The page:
When a force in the FB direction is applied to the axle, a cube substrate 28 receives expansion and contraction stress and it is twisted. By using values representing the change of the strain gauge mounted on each face of the cube substrate, the operation is performed about each sensor segment, and a stress in the FB direction is determined by

FBplural =t1 +t2 +t3 +. . .            (16)

FIG. 26 is a schematic perspective view illustrating the sensor segment "f" in the sensor hole 41.

A fifth embodiment of the measurement device according to the present invention will be described. Plural units of the sensor segment shown in FIG. 25 are installed in the sensor hole 41. FIG. 27 is a schematic perspective view illustrating the two cubic sensor segments in the sensor hole 41. A circuit of this device is similar to one shown in FIG. 10.

When a force in the F direction is applied to the axle, the cube substrate 28 receives a shearing strain. By using values representing the change of the strain gauge mounted on each face of the cube substrate, a stress in F direction is determined by ##EQU5##

When a force in the N direction is applied to the axle, a cubic substrate 28 receives contraction and expansion stress and it bends. By using values representing the change of the strain gauge mounted on each face of the cube substrate, a stress in the N direction is determined by ##EQU6##

When a force in the S direction is applied to the axle, the cubic substrate 28 receives contraction stress. By using values representing the change of the strain gauge mounted on each face of the cubic substrate, a stress in the S direction is determined by ##EQU7##

When a force in the FB direction is applied to the axle, the cubic substrate 28 receives expansion and contraction stress and it is twisted. By using values representing the change of the strain gauge mounted on each face of the cubic substrate, a stress in the S direction is determined by ##EQU8##

A sixth embodiment of the measurement device according to the present invention will be described. FIG. 28 shows an example in which the sensor segment employs the uniaxial strain gauges and a sensor segment employs a biaxial 90 strain gauges installed on the substrate 28. FIG. 29 shows a sensor element "g" in which a plurality of sensor segments "f" are mounted. A wiring 46, a electrode 47, a cable 48, and a connector 49 are attached on the substrate 28. FIG. 30 is a schematic perspective view illustrating the sensor segment "f" shown in FIG. 28 in the sensor hole 41. A circuit of this device can employ, for example, a circuit shown in FIG. 34.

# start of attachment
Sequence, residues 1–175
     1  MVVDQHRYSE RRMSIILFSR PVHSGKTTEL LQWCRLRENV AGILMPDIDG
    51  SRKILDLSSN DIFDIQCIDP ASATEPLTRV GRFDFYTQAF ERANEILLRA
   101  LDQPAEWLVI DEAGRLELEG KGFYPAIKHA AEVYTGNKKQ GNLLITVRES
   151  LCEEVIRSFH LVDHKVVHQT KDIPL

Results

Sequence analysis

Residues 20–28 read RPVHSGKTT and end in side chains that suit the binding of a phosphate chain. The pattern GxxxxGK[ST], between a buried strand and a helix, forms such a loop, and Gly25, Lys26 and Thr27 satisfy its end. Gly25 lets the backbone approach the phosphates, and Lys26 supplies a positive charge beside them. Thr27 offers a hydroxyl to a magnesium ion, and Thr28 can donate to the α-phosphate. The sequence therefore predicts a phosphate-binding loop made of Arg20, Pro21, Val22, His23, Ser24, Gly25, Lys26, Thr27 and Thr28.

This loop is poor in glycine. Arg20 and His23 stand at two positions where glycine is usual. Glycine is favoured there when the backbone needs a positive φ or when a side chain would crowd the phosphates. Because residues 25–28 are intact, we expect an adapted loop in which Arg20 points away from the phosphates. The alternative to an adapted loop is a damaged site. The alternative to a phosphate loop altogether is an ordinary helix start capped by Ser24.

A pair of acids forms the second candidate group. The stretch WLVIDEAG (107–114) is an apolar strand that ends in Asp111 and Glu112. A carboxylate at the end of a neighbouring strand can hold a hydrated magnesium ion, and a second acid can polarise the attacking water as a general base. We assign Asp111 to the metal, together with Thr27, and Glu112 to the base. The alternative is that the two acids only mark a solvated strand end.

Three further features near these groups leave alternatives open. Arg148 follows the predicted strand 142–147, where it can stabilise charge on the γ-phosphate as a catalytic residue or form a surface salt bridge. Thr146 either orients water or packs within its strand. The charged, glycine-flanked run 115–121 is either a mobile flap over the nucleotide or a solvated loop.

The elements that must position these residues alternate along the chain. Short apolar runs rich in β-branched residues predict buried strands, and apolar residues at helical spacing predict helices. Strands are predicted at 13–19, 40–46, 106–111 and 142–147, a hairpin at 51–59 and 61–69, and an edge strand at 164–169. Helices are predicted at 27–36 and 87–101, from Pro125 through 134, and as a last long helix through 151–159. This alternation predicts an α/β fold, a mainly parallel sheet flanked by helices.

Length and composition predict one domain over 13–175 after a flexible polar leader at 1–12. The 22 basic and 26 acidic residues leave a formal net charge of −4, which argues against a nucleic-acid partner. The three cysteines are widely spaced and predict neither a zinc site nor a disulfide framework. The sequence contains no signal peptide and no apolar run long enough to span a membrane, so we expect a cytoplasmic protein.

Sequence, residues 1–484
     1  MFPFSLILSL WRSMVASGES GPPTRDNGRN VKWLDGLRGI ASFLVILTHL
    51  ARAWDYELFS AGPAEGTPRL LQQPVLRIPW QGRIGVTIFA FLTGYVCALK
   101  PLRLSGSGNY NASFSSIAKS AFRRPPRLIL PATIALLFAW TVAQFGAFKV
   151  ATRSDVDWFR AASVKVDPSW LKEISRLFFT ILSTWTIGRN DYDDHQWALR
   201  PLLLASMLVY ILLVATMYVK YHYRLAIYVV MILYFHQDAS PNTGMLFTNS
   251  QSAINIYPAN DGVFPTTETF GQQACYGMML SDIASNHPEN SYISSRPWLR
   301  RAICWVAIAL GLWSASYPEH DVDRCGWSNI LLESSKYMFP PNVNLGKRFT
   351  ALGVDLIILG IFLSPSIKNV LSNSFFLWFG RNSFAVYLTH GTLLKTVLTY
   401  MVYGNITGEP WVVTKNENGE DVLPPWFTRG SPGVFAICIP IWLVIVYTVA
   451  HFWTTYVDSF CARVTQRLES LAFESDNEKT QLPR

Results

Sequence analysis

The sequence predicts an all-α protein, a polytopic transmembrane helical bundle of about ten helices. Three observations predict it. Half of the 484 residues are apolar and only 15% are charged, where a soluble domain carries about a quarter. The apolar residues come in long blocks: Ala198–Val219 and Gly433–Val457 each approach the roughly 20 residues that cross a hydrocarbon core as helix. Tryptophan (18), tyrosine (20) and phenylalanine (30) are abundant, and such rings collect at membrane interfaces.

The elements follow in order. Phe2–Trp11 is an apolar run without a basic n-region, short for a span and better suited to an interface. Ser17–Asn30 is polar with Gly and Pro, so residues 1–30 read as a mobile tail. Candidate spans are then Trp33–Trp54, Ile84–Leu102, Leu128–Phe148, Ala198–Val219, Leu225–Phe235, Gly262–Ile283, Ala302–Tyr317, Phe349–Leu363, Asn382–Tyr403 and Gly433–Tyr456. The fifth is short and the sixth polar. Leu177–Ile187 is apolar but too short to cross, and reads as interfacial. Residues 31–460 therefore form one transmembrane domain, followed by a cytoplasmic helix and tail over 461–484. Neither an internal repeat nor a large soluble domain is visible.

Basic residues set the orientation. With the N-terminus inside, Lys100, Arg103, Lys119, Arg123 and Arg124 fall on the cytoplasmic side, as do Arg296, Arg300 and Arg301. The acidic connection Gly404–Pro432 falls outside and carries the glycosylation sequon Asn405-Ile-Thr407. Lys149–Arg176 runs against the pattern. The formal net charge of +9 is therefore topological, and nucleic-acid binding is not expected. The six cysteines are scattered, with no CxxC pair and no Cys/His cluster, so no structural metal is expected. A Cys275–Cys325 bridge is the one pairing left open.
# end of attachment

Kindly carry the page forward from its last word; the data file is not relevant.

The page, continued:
When a force in the F direction is applied to the axle, the cubic substrate 28 of the sensor segment "f" receives a shearing strain. By using values representing the change of the strain gauge mounted on each face of the cubic substrate, a stress of F direction is determined by ##EQU9##

When a force in the N direction is applied to the axle, the cubic substrate 28 of the sensor segment "f" receives contraction and expansion stress and it bends. By using values representing the change of the strain gauge mounted on each face of the cubic substrate, a stress in the N direction is determined by ##EQU10##

When a force in the S direction is applied to the axle, the cubic substrate 28 of the sensor segment "f" receives contraction stress. By using values representing the change of the strain gauge mounted on each face of the cubic substrate, a stress in the S direction is determined by ##EQU11##

When a force in the FB direction is applied to the axle, the cubic substrate 28 of the sensor segment "f" receives expansion and contraction stress and it is twisted. By using values representing the change of the strain gauge mounted on each face of the cubic substrate, a stress in the FB direction is determined by ##EQU12##

A seventh embodiment of the measurement device according to the present invention will be described. FIGS. 31, 32 and 33 show examples of a sensor segment having a substrate on which the strain gauge is mounted. FIGS. 35 and 36 show examples of a sensor segment with the strain gauge mounted on the cubic substrate. FIG. 37 is a schematic perspective view illustrating the sensor segment "f" in the sensor hole 41. A circuit of this embodiment can employ, for example, the circuit shown in FIG. 34.